Unconditional loyalty to a politician is no virtue. Liam Glen writes on why people are drawn to defending the indefensible.
Financier Jeffrey Epstein’s arrest on sex trafficking charges last week shook up the political world. Knowledge of Epstein’s crimes is not new. He pled guilty to soliciting prostitution with a minor back in 2008. But his latest indictment opens the possibility of new revelations.
Epstein, a well-connected investment banker, had friends in high places while his crimes were going on. Former passengers on his private jet – the so-called “Lolita Express” – include Donald Trump, Bill Clinton, and Queen Elizabeth II’s third son Prince Andrew.
Should incriminating evidence come out on any figure, it is sure to start a political maelstrom. No one is looking forward to the possibility of cabal pundits defending their favored politicians’ connections to Epstein.
Republicans have stood by Trump so far even though 24 women have accused him of sexual assault. Any new information about his ties to Epstein could test the limits of their loyalty.
For their part, Democrats seem more willing to, in cartoonist Jonathan Rosenberg’s terms, “throw Bill Clinton into the sun.” The party showed off its zero-tolerance policy for sexual misconduct when it forced Al Franken to resign from the Senate in 2018. But such a policy should be a floor rather than a ceiling.
A familiar pattern emerges every time a politician gets imbrued in the scandal. Those who already disliked them interpret the facts in the least charitable way possible, while those who already liked them jump to their defense.
This pattern is an unfortunate inevitability when it comes to minor offenses like gaffes or email misconduct, but when politicians are implemented in more serious scandals, we cannot let our biases blind us.
The two-party system forces people to make tough choices. Reluctant Trump supporters in 2016 looked past his flaws for the sake of adding a conservative justice to the Supreme Court. Democrats ignored Clinton’s countless controversies for fear of a Trump presidency.
Backing a questionable politician in hopes that they will enact good policies is understandable. Though, it definitely has its limits. The ultimate example is Alabama state auditor Jim Ziegler’s 2017 defense of sexual assault allegations against Roy Moore
Beyond this, however, the age of hyper-partisanship brings with it a twisted sense of party loyalty. Too many people are willing to say “my party, right or wrong.”
When most of the Bush family refused to endorse Donald Trump in 2016, Newt Gingrich shot back “this Republican Party has been awfully good to the Bushes.” The implication in this mobster-like sentence is that because the Republican Party once supported the Bushes, they are obligated to put their conscience aside and mindlessly support anyone else the party puts forward.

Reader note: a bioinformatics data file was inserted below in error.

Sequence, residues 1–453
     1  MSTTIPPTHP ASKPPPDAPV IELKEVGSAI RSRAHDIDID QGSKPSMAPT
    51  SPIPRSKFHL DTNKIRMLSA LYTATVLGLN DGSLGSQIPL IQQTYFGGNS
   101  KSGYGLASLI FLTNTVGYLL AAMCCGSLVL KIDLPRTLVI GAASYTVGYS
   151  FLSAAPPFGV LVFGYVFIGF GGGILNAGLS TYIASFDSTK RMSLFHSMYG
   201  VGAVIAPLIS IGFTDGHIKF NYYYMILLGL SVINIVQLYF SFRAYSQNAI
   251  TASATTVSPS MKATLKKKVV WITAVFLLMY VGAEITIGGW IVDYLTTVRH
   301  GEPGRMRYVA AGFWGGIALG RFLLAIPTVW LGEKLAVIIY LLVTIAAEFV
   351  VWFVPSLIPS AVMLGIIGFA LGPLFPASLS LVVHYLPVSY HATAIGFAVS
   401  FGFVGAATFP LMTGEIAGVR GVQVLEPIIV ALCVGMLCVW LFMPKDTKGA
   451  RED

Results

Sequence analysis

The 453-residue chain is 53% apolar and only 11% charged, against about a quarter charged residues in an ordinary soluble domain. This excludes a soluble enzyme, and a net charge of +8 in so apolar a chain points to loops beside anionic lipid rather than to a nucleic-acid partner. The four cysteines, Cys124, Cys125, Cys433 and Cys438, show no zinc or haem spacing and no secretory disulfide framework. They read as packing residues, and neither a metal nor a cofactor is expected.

To anyone outside of the partisan bubble, however, this is nonsense. A political party is nothing more than a pragmatic alliance of people who have a similar agenda for improving the country. When the party’s agenda differs from the individual’s, there is no obligation to slavishly follow along.
Politicians Aren’t Your Pals
People are not just loyal to a party. They also develop an attachment to specific politicians. Trump’s base stubbornly refuses to acknowledge his flaws. Democratic candidates from Bernie Sanders to Andrew Yang find themselves on the defensive when their social media fans get too aggressive.
A politician’s job is to craft a likable persona and an inspiring message, one that naturally attracts passionate supporters. But these followers must realize that the person that a politician plays on TV is very rarely the real them. They have an assortment of personal flaws and hidden skeletons that they prefer not to show voters.
However, when people treat politics as a fandom, they approach their support for a certain candidate as if it were a personal relationship. They feel that it is their duty to defend their favored politicians against attack. They downplay flaws and refuse to believe any allegations of wrongdoing.
Getting caught in this rabbit hole is obviously undesirable. One way to get around it is to be cynical. Kamala is a cop. Bernie is an aging ideologue. Warren may have a plan, but it is based on flawed research. The royal family is a bunch of feudalistic freeloaders who have had it too good for too long. If you have low expectations of every public figure, they can never disappoint you.
For most people, this is going too far. But at the very least, we must look at public figures critically. Do not get so invested in a candidate that you would hesitate to drop your support should you decide that they are actually not the best person for the job. Always be ready for the possibility that there is more to them than meets the eye. And do not put any misguided sense of loyalty ahead of what is right.